Mowgli Review: Cold, heartless retelling of Disney Classic


Britain seems to be catching onto Hollywood’s drift. Stick to what makes money and find ways to repackage it and capitalize off tried and true brands. Enter Mowgli: Legend of the Jungle; a British retelling of a tried and true story that was undoubtedly produced in an attempt to capitalize on the success of Disney’s 2016 live action version of The Jungle Book.

Writer Callie Kloves and Director Andy Serkis (who also lends his voice as the character of Baloo) use the same spine of The Jungle Book, an orphaned boy is left in the jungle and adopted by a pack of wolves, a murderous tiger is out for his blood and endangers his pack of wolves lest he be surrendered to it.  Same core, yet “Mowgli” replaces musical numbers and boisterousness for death and a somber mood. As the PG-13 rating might suggest, Mowgli: Legend of the Jungle caters to an adult audience much more so than any other version of The Jungle Book. While I can appreciate the filmmakers desire to make this story their own, their attempts fall flat.

First, and most egregious, is the re-imagining of Baloo as a hard-nosed humorless instructor whose carefree affability has been replaced with all the fun, flair, and flavor of mushy peas. Apparently the British like their characters just like their food…bland. The quirkiness that makes Baloo the memorable character he has been is abandoned in pursuit of adding another “voice of reason” even though Bagheera (Christian Bale) and Akela (Peter Mullan) sufficiently act as such. Considering this Jungle Book has a much darker tone one might think Baloo could aptly be used for comic relief. Nope. He offers not one utterance of comic joy during the entire 102 minutes of running time.

Another character disappointment comes in the form of the villain, Shere Khan.  Well maybe this is more of a casting issue. Following his performance in The Grinch, I’m convinced Benedict Cumberbatch should be served a cease and desist for voicing villains, effective immediately. Idris Elba shined in the role two years ago, offering a chilling iciness that communicated the latent murderous cruelty beneath Shere Khan’s cool, calm, and collected demeanor. Meanwhile, Cumberbatch’s Shere Khan seems cartoonish in  comparison.

Similarly to the most recent live action remake in 2016, this version also eliminates the cartoonish features of Kaa (Cate Blanchett) the dastardly sneaky snake. Instead of hungry and hypnotic, Kaa is instead all knowing and heroic, reshaped into an oracle archetype. Kaa knows the past and future, foretelling Mowgli’s future and also saving Mowgli from the clutches of Shere Khan (Benedict Cumberbatch). Yet, Kaa is still somewhat menacing toward Mowgli and at one point threatens to eat the young boy. The character is uneven, which offers some tense moments that some audience members might enjoy. Unlike the others, Kaa’s character re-imagining actually does a better job of moving the story along and adds an interesting twist.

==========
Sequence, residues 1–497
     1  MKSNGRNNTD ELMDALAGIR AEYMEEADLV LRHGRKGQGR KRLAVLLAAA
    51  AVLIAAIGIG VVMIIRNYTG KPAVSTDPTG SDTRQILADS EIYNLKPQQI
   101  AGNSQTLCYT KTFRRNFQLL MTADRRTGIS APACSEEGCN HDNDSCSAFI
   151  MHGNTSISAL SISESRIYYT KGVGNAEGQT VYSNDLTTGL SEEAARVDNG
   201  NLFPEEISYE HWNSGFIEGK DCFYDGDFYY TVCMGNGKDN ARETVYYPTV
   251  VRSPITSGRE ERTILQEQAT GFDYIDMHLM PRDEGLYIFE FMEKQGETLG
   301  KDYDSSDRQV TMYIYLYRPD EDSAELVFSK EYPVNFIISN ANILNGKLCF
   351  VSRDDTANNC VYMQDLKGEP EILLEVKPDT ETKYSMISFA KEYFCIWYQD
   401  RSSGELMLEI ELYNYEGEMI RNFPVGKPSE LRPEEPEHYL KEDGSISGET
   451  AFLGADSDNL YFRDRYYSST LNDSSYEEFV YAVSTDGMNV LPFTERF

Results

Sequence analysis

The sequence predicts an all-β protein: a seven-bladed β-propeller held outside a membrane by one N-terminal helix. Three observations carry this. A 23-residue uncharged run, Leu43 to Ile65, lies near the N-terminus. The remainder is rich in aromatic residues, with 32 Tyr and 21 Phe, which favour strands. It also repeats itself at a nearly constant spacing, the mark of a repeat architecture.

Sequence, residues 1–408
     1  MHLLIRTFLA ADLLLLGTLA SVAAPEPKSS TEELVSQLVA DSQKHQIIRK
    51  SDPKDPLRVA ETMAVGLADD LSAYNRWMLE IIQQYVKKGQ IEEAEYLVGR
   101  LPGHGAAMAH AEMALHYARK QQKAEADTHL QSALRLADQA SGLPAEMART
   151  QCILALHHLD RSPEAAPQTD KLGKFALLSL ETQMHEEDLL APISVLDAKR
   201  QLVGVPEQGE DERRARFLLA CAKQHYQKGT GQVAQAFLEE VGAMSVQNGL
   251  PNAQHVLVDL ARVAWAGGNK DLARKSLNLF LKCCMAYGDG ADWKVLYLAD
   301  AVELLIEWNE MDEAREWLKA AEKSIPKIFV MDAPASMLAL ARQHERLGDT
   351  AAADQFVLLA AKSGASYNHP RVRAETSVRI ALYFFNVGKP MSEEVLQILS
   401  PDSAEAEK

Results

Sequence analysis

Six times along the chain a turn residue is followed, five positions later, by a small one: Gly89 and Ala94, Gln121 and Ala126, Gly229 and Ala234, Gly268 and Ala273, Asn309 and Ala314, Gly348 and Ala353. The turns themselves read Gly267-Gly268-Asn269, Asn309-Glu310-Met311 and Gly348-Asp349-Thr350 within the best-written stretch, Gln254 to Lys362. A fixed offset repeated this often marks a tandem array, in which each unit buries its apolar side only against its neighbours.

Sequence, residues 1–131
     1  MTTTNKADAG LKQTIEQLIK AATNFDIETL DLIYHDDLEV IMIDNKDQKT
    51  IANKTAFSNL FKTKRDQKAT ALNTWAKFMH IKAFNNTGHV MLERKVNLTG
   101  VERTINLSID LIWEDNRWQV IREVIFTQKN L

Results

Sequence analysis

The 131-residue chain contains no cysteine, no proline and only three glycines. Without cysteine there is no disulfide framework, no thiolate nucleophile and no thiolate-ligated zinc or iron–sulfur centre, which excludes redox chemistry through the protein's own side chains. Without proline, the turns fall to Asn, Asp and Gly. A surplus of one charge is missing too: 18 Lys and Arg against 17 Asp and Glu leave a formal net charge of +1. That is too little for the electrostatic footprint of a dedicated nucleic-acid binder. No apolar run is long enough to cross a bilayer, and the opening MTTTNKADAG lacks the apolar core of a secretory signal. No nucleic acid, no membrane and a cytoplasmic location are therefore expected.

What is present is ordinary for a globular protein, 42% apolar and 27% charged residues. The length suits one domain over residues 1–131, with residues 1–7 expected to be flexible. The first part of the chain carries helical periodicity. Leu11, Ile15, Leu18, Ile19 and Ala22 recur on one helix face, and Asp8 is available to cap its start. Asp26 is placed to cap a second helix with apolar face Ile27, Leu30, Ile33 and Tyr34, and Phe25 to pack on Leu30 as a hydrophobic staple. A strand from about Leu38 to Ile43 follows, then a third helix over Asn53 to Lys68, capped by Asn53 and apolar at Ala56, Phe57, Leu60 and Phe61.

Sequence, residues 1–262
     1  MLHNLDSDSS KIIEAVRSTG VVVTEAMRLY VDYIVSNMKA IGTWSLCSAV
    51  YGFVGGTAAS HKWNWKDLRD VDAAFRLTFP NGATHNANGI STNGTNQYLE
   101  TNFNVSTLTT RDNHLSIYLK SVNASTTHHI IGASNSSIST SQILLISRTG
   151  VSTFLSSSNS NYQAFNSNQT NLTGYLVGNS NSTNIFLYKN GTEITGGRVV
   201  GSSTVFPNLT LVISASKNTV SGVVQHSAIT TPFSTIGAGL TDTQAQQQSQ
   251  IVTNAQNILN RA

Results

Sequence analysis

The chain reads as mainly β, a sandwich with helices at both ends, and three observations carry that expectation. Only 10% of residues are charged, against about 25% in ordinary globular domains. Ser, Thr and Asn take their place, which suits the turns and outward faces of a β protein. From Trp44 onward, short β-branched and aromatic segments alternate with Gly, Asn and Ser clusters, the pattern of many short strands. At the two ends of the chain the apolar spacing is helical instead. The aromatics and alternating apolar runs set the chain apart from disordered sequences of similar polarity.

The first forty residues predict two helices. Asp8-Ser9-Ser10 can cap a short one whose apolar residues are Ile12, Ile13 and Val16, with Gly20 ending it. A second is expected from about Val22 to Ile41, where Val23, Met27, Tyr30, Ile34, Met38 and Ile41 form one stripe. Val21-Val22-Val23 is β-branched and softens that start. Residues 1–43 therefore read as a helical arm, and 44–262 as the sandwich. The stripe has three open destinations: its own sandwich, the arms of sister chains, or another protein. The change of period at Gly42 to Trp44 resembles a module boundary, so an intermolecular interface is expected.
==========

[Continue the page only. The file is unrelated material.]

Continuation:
Mowgli isn’t necessarily re-imagined in this new edition, however his character represents a much different theme. Originally, Mowgli’s lesson is what makes him different from the pack (his human nuances) are actually strengths, not weaknesses. The lesson offered a heartwarming theme to children, and also allowed for his acceptance into the wolf pack. In this British retelling, Mowgli is repeatedly shown as someone who doesn’t belong with wolves or men. The awkward middle ground he finds himself in leads to his fate as savior of the jungle and leader in his own right. So the theme is centered more on answering the call of fate. This , as a standalone theme, lacks emotional resonance to make it worthwhile.

All in all, Serkis’ and companies attempt to capitalize off the success of the previous Jungle Book release results in a hollow story that lacks the fun and heart of the original. Mowgli: Legend of the Jungle” has a promising idea, retelling the story for an adult audience, but poorly executes it. Without the fun and light-heartedness of the original, or a resonant theme, it left me feeling glad that it was a Netflix release and not something I wasted money and time going to the movies for.





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